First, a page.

Home Personal Development How To improve Your Child's Self-Esteem

How To improve Your Child’s Self-Esteem

Connie Henriquez H.H.C. is a Teen Life Coach who teaches kids & teens how to overcome anxiety, self-doubt and improve  their self-esteem. For more information, call (516) 340-0378 or check out her website at startlovinglife.com. 

The only problem with the children I work with is that they are defeating themselves in their own mind. That’s it. By doing this, they are slowly, over time, killing their self-esteem which negatively affects their self-image and impacts EVERY aspect of their life.

When children lack self-esteem they experience:

    •    Shyness
    •    Sadness
    •    Stress
    •    Anxiety 
    •    Mood Swings
    •    Anger Outbursts

Does this sound like your child?

All of the above are fixable when you address the root issue: your child’s self-esteem.

Why your child lacks self-esteem? 
There can be many reasons, but below is a common example of my experiences with the many kids I work with. 

Scenario: 1
Growing up, children are NOT taught to LOVE themselves or LOVE life. Instead, at an early age, your child’s “intelligence” is measured by performance in every subject at school. Therefore, if they did not excel academically, your child at age 6 (or whatever age) was automatically deemed “NOT smart”. 

Scenario: 2
Conversely, if your child was lucky enough to excel in EVERY subject, then your child learned validation by manufactured benchmarks, such as grades. This created the pressure to perform in order to continue their validation of worthiness, all of which is exhausting, stressful and causes that dreadful “perfectionism” bug.

So, regardless of whether your child fell into either scenario 1 or 2, that experience has shaped their self-image. 

Now, should it have? No, of course not. Instead, we must teach our children that their worthiness comes from the inside and has NOTHING to do with outside accolades or other’s opinions of them (that includes grades and everything else). 
    But unfortunately, the current reality tends to create a platform for your child at an early age, forcing them to become very self-critical.

For example, self-critical thoughts based on the above scenarios include:

(Scenario 1) Does not excel academically:

    •    I am not good enough.
    •    I am not smart enough.
    •    There is something wrong with me.
    •    I don’t fit in.
    •    My parents are disappointed in me.

(Scenario 2) Does excel academically:

    •    In order to be good, I MUST do well.
    •    If I get a bad grade, I am disappointed in myself.
    •    I must be the best in order to make my parents happy.
    •    I receive positive attention from my parents only when I do         well, so in order to feel loved, I must continue to do well.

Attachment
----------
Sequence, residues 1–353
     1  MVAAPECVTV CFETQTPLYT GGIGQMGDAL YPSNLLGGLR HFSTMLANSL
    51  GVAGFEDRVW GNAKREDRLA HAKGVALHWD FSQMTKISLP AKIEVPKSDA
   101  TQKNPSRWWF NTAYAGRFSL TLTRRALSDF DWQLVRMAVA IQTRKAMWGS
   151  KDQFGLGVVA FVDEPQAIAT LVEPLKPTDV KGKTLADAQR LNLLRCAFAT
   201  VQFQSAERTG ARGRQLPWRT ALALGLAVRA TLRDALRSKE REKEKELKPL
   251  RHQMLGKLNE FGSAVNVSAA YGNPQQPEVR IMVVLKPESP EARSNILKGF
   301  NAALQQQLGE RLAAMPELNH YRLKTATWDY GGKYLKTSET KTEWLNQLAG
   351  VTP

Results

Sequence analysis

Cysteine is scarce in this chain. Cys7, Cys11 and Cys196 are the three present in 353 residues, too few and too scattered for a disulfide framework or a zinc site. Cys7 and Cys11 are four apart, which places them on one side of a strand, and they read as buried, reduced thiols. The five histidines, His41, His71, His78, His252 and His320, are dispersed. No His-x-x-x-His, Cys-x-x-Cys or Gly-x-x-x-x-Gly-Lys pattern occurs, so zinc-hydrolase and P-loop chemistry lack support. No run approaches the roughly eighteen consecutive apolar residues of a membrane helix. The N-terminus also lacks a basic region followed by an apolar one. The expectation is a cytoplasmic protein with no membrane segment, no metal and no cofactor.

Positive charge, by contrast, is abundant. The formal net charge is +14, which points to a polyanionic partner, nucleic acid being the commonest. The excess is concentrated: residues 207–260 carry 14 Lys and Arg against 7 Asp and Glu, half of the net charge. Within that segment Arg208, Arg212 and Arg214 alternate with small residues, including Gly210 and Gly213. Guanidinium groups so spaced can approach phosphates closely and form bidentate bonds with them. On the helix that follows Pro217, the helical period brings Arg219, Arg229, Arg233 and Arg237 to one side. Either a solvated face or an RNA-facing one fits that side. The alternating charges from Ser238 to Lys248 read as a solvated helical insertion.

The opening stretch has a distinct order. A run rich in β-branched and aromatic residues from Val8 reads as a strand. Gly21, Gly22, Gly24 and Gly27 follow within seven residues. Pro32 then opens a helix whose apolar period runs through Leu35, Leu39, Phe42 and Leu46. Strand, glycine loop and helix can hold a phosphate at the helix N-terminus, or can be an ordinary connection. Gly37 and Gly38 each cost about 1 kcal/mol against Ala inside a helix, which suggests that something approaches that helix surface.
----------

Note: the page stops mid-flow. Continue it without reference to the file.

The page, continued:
The list goes on…

Since I’ve worked with children, I see these scenarios all the time. Your children put undue pressure on themselves to perform, fit in and make you, the parent, happy. Let’s face it,  there is no wonder why kids’ anxiety and depression are at an all-time high. And, just remember, the above scenario is pertaining to schoolwork and grades! There’s also the social aspect that involves making friends, succeeding in sports, the pressures of social media…and much more!

So, what’s the solution?

It’s simple. Kids must learn how to love themselves AND how to start loving life, regardless of EVERYTHING ELSE. They must know that the only opinion of them that matters, is their own. So, when they improve their opinions of themselves (their self-image), by focusing on their positive, unique qualities, they WILL feel better. 

When your child starts loving life, life will love them back…
Imagine that?


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Poolside Picks

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Some Secrets Aren’t Meant to Be Shared

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Transatlantic Love Story Raises the Royal Stakes

“New York Times” and “USA Today” bestselling author Alyssa Cole’s second Runaway Royals novel, “How to Find a Princess,” is an Anastasia-inspired romance featuring a long-lost princess who finds love with the female investigator tasked with tracking her down. When a threat to her grandmother’s livelihood pushes the princess to return to Ibarania, the investigator takes her on a transatlantic adventure. When they finally make it, they realize there’s more at stake than just cash and crown, and the princess must learn what it means to fight for what she desires rather than what she feels bound to by duty.

Find more titles to add to your summer reading list at Facebook.com/WilliamMorrowBooks .


Photo courtesy of Getty Images (woman reading in pool)

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